1st Edition

Religious Belief and the Will

By Louis P. Pojman Copyright 1986
    274 Pages
    by Routledge

    Can we ever achieve belief by a direct act of will? If it will help us to be happier, should we make ourselves believe propositions which the evidence alone does not warrant? These are the sort of questions which Professor Pojman examines in Religious Belief and the Will (originally published in 1986). He deals with a constellation of problems related to believing and willing to believe; his main concern is with religious faith and belief, though his analysis is also of interest to epistemology and ethics.

    Pojman asks what is so important about believing propositions in the first place, and why religious creeds have made propositional belief a necessary condition for salvation. He considers whether one can be rational and still use the will to believe what the evidence alone does not warrant. He also discusses whether faith and belief are generically related or distinct attitudes.

    This is the first full-length treatise on religious belief that approaches the subject from the viewpoint of volitional activity (i.e., related to the will). It presents a rethinking of the way the will interacts with belief, a relationship often misconstrued in works of philosophy and theology. Pojman believes that the will is central to religious commitment, and that by understanding the relationship between the attitude of belief and the activity of willing, we are enabled to get fresh insight into the classical problem of religious belief and the will.

    Part One: Belief and Will in the History of Western Thought  1. Belief and Faith in the Bible and the Early Christian Movement  2. Plato on Knowledge and Belief  3. Augustine on Faith  4. Aquinas on Faith  5. The Rationalists on Belief and Will: Descartes and Spinoza  6. Pascal’s Wager: A Case of Indirect Volitionalism  7. The Empiricists’ Notion of Belief: Locke and Hume  8. Kant and Kierkegaard on the Nature and Place of Faith  9. Clifford and James on the Ethics of Belief  10. Modern Catholic Volitionalists: Newman, Pieper and Lonergan  11. The Contemporary Debate on Belief and Will  12. The Contemporary Debate on Faith and Reason: Fideism and Rationalism  Part Two: Belief, Will and Justification of Religious Belief  13. Direct Descriptive Volitionalism  14. Indirect Volitionalism, Prescriptive Volitionalism and the Ethics of Belief  15 Rationality and Religious Belief  16 Faith, Doubt and Hope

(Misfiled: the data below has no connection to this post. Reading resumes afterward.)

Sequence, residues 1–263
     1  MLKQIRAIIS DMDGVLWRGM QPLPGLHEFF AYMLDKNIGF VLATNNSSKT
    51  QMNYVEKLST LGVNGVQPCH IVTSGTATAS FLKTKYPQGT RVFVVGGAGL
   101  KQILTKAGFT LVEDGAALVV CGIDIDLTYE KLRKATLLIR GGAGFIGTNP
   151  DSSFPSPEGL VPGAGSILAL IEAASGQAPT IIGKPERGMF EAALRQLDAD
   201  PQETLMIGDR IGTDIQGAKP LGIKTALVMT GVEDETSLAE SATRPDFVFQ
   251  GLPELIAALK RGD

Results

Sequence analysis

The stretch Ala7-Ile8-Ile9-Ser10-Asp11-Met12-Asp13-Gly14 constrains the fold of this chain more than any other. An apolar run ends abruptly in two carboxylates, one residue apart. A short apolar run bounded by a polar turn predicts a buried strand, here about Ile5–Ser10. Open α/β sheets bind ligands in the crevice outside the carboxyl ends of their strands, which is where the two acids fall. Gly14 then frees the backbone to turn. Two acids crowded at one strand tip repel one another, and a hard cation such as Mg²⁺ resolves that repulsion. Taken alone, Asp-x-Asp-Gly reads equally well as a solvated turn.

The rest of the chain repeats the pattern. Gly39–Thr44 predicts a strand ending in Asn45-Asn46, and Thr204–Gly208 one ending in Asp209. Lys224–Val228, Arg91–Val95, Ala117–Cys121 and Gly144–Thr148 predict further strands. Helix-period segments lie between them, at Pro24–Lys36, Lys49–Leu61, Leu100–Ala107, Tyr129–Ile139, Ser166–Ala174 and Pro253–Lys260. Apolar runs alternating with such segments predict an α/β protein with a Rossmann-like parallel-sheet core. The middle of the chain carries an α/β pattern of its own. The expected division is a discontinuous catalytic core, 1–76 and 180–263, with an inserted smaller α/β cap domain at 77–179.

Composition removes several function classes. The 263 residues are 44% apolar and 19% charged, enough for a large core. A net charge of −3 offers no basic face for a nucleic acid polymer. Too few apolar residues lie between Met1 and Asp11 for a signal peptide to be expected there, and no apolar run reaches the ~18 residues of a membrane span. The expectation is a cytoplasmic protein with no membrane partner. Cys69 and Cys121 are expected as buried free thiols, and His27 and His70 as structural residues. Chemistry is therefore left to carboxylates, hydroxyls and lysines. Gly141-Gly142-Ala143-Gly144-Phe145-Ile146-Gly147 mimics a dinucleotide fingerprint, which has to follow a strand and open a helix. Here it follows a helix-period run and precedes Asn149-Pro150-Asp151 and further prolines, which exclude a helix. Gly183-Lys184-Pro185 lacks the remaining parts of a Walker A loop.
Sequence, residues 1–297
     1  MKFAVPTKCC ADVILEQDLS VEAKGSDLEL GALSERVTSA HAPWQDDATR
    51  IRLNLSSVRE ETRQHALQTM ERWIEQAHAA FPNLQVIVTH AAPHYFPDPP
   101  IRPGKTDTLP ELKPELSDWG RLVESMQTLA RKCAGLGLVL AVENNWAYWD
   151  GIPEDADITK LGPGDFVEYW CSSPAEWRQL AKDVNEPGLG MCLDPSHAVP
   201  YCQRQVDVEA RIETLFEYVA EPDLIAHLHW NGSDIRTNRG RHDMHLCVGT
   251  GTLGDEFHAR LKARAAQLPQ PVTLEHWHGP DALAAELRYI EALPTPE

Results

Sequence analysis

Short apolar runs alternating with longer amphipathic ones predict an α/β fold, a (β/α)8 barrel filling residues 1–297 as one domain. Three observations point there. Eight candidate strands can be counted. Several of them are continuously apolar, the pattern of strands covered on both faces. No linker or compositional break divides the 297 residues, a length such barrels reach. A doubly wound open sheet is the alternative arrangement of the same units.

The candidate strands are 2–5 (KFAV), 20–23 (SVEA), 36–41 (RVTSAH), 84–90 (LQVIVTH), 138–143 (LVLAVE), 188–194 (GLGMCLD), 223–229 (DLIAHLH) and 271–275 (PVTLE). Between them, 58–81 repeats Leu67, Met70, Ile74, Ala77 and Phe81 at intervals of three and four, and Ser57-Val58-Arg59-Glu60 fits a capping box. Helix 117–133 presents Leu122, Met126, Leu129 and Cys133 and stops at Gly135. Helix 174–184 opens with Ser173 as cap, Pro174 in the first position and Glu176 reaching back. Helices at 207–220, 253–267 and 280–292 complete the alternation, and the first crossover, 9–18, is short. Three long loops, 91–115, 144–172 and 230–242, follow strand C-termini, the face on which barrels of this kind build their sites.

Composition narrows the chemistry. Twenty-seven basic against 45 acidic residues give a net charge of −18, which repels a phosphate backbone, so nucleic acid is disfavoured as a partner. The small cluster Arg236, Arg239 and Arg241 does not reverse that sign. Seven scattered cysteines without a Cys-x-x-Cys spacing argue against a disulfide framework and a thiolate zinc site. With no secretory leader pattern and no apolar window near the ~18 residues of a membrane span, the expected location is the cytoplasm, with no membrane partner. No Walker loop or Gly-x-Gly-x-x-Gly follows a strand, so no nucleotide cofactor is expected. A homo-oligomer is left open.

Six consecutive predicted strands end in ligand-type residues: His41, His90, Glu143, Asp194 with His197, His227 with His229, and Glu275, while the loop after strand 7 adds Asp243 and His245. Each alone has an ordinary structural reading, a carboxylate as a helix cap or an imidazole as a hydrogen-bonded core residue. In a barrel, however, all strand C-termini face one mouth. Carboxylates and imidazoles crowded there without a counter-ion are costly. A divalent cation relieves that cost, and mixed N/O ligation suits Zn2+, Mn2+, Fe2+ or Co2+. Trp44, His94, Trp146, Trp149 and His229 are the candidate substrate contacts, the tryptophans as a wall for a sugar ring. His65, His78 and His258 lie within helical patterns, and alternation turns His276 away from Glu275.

Louis P. Pojman was Professor of Philosophy, Emeritus from the United States Military Academy at West Point, where he was a professor for nine years. In 2004–5, he was a Visiting Fellow at Clare Hall, Cambridge University, UK, where he became a Life-Fellow. Pojman was best known perhaps for presenting extremely balanced perspectives in his writings on a variety of some of the most controversial and challenging contemporary issues, including abortion, affirmative action, and the death penalty. He endeavored to explain why people disagree on such issues and presented the roots of the ideas, teachings and writings that help build an understanding of these differing viewpoints so that the reader can reflect on his or her own point of view on various issues.

    Review of the first publication:

    “In this first-rate study, Pojman has many interesting things to say about volitionalism, the ethics of belief, Plantinga’s foundationalism, the role of reason in religious belief, the logic of non-rule bound intuitive judgements, etc.”

    John Donnelly, University of San Diego